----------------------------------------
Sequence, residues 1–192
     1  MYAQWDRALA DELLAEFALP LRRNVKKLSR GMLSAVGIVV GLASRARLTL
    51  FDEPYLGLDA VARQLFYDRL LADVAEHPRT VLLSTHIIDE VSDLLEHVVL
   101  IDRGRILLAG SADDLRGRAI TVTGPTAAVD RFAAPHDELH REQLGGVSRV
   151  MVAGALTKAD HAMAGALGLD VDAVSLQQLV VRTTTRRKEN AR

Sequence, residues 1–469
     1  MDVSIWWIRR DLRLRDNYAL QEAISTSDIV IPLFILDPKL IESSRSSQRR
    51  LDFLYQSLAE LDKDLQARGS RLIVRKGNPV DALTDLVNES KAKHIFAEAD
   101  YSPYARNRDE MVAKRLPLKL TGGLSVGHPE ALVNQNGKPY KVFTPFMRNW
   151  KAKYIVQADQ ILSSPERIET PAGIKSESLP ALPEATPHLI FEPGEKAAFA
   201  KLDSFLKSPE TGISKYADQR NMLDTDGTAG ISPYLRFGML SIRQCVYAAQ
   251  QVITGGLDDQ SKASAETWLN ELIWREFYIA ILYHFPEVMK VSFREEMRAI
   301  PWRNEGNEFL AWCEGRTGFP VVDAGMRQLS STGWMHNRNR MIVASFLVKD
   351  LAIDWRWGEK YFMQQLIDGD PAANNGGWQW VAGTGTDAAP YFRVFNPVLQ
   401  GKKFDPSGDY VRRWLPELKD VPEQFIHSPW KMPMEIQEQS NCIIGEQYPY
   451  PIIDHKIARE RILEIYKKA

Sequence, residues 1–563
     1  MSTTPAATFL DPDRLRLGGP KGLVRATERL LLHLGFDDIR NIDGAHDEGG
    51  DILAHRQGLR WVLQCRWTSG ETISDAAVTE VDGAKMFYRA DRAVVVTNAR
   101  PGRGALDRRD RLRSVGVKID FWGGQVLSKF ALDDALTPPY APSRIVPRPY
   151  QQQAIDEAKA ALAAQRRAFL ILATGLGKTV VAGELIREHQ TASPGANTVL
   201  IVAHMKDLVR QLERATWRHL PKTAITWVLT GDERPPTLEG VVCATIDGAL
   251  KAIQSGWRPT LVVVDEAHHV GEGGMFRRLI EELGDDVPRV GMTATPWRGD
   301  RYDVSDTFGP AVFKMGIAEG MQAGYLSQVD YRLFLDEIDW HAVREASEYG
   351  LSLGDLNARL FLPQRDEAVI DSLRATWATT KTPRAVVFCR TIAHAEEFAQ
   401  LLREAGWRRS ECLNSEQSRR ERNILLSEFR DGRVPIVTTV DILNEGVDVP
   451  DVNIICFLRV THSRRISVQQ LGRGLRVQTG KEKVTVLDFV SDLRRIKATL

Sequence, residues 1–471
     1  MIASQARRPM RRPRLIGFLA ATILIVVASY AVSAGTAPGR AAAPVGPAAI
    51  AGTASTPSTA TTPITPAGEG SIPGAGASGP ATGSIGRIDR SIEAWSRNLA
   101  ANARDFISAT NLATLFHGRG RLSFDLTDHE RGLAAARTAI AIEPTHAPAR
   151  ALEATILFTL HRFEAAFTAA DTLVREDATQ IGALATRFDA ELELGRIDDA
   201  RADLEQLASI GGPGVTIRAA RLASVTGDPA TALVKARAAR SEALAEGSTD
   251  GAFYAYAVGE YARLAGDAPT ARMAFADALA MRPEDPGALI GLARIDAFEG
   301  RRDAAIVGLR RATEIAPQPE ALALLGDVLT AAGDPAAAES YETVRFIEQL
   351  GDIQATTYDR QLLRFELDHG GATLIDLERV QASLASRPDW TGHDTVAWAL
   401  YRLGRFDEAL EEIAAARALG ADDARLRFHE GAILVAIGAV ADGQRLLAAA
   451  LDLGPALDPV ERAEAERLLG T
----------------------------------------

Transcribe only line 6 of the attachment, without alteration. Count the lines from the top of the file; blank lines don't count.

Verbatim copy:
Sequence, residues 1–469